Konqueror has excellent support for profiles, or sessions, and diverse protocols like ftp and sftp.  I use the session capabilities to save the URLs and other details, like window layout.  Then I create menu items that call these sessions so I don’t have to remember the session names.  For Konqueror, you can create your menu items with the ‘command’ or ‘execute’ field set like this: kfmclient openProfile filemanagemt (filemanagement happens to be one of the default profiles, but you can create your own). You’ll find the menu entries to work with profiles in Konqueror under the Settings menu.

Konqueror depends on having the ssh packages installed on your system for Secure File Transfer Protocol. I recommend using SFTP and not just FTP, since you want an encrypted channel to your server. The Kwallet package also comes in handy because it will store your password without you having to re-enter it every time you log into the remote site. If you’re working on a private computer and no one else can login as you, this is fine, but of course it’s not an appropriate solution if others have access to your computer.

The following tips are based on hosting at but it should be fairly easy to adapt them to your own web hosting provider.

To view (and optionally edit) the actual files on your NFS site using Konqueror, the first step is to get the right URL. Login into your NFS account from the web and click the ’sites’ tab, then click the link in the left column under ‘Short Name’. In the box labeled ‘FTP/SFTP/ssh Information’, you’ll find the information you need to access your site in Konqueror. Copy and paste the details next to ‘Username’ and ’ssh Hostname’ into Konqueror’s URL input. Before you hit enter though, separate the two items by ‘@’ and put ’sftp://’ at the front of the address (thats the protocol, instead of the usual http://). Your URL should look something like this:


When you hit ‘Enter’, you’ll be asked for your password, and maybe a dialog will come up asking you if you want to add the ssh information to your local computer, which you do. If you have Kwallet installed, it can save your password.

If you’ve logged in successfully (sometimes I have to reload the page to get the remote files to show) you’ll see your site’s files. Divide the pane in two by using the Ctrl+Shift+L shortcut (or choose ‘Split View’ from the ‘Window’ menu). In the new pane, navigate to your site’s home on your local drive (or create a directory for it under your home directory). Now you can drag and drop between the local and remote versions of your site. If you want to edit a remote file, it’s as easy as right clicking on it and choosing ‘Open With …’. This will download the remote file to a temporary directory, let you edit it, and, upon saving the file in your editor (I use Kate for text files) your file changes will saved to the remote site. This may not be what you want though, so you can edit a file locally and then upload it (so your local version is current with the remote one).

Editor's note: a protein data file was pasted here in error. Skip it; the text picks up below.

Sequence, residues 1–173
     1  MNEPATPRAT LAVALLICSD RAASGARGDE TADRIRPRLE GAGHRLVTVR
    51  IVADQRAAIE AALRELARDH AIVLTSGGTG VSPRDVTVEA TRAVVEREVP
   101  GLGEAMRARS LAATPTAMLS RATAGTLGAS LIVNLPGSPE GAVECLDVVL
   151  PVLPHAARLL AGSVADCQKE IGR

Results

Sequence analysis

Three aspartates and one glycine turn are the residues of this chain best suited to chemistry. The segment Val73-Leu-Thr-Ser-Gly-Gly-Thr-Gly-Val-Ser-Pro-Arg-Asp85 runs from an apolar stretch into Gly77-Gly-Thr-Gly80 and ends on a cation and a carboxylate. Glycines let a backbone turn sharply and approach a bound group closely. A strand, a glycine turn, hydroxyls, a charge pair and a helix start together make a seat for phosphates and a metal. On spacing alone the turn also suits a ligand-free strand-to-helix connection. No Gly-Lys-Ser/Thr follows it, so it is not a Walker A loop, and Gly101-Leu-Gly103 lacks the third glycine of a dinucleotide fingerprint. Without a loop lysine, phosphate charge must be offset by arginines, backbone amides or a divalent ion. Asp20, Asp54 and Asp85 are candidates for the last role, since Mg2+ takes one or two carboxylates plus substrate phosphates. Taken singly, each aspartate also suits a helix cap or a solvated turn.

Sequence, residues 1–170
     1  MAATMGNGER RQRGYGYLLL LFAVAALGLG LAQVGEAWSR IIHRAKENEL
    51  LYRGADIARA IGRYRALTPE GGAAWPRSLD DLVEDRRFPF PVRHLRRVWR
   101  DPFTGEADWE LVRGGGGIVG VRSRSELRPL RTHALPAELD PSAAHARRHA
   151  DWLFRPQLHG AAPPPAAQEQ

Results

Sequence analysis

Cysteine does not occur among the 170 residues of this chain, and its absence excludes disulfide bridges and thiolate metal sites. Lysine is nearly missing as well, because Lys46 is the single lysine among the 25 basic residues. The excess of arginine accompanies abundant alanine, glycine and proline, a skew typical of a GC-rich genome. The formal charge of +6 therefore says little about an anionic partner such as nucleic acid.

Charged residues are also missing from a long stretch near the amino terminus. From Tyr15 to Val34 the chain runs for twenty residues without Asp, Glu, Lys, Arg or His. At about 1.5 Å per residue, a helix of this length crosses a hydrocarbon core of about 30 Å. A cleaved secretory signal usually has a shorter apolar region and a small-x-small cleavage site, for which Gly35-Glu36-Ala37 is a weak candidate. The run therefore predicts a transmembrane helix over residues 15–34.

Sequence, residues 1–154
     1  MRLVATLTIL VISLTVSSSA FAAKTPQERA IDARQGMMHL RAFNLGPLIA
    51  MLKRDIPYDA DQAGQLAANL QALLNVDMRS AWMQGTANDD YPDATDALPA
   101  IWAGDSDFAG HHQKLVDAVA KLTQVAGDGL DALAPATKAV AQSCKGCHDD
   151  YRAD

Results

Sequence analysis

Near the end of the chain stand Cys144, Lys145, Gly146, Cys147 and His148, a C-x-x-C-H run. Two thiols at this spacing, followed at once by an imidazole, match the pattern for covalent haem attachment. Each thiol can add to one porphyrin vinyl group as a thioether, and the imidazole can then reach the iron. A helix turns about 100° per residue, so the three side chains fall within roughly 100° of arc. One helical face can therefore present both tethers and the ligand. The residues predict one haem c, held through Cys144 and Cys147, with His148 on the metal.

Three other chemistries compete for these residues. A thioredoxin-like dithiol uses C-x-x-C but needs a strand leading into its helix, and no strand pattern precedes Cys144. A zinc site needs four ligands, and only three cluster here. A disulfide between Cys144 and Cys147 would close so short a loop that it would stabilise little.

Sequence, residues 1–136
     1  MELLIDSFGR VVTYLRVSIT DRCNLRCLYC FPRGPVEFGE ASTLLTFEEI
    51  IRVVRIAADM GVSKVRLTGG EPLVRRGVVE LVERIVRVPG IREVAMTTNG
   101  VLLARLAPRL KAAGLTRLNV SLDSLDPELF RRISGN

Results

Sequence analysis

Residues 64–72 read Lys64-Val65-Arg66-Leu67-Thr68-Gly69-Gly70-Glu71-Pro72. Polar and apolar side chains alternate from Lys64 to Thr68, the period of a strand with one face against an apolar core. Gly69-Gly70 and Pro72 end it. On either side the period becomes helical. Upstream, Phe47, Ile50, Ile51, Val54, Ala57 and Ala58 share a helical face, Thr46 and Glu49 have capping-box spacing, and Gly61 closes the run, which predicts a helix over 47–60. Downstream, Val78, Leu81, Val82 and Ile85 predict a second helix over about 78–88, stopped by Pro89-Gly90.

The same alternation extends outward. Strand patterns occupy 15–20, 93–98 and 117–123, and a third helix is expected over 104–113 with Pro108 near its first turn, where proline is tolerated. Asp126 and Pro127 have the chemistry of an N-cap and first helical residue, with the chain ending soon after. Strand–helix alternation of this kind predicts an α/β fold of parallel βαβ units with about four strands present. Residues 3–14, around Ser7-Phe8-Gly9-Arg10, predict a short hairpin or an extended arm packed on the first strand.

Now that you have the two panes open, with your local files on one side and your remote files on the other, click ‘Configure View Profiles’ in the ‘Setting Menu’. Enter an easy to remember name for your profile in the ‘Profile name’ field, and make sure ‘Save URLs’ is checked. When you hit the ‘Close’ button your profile will be saved, making it easy for you to get back to the exact same place again. You can also use the ‘Bookmarks’ menu to add various URL’s to your bookmarks. One quirk of Konqueror is that the profiles and bookmarks are updated instantly, without your having to press a ‘Save’ button. I find that the ‘Edit Bookmarks’ menu choice is easier to use than just hitting ‘Add Bookmark’ because it’s more flexible. In the ‘Edit Bookmarks’ window it’s easy to change bookmark titles and you can even change the icons shown for each bookmark if you like.

Konqueror beats any other method I’ve seen on Linux for ease of use in managing your remote files. Give it a try!

Backintime, an easy to use backup solution, and a handy post-run Perl script.

Posted December 10th, 2009 in Linux

Backintime is a simple and straightforward program to back up your files.  To start setting it up, add the directories you want to backup:

Backintime include directories tab

This is an example from my Linux machine.  I set the Auto-remove tabs like so:

Backintime auto-remove tab settings

The other tabs are pretty self explanatory.

After you’ve run the program a few times, you can check your backup directory.  Mine is mounted on a separate hard drive called /backup.  When you  navigate to your backup drive, you see the backintime toplevel directory:

Backintime toplevel directory

Changing to the backintime directory, you find your snapshots.  To get to your actual files, though, you have to navigate through your snapshot directory, and then another directory called “backup”:

The snapshots directory